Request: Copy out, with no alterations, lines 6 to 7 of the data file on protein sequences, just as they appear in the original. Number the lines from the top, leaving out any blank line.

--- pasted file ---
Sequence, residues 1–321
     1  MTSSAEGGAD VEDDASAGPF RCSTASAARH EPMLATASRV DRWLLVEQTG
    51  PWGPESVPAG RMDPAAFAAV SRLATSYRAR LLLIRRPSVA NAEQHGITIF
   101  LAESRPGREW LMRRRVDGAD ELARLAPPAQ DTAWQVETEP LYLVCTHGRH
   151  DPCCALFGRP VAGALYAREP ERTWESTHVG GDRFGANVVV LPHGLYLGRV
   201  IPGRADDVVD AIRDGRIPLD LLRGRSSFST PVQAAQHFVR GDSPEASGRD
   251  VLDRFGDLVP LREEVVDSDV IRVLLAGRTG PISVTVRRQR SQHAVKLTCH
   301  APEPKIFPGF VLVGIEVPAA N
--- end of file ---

   201  IPGRADDVVD AIRDGRIPLD LLRGRSSFST PVQAAQHFVR GDSPEASGRD
   251  VLDRFGDLVP LREEVVDSDV IRVLLAGRTG PISVTVRRQR SQHAVKLTCH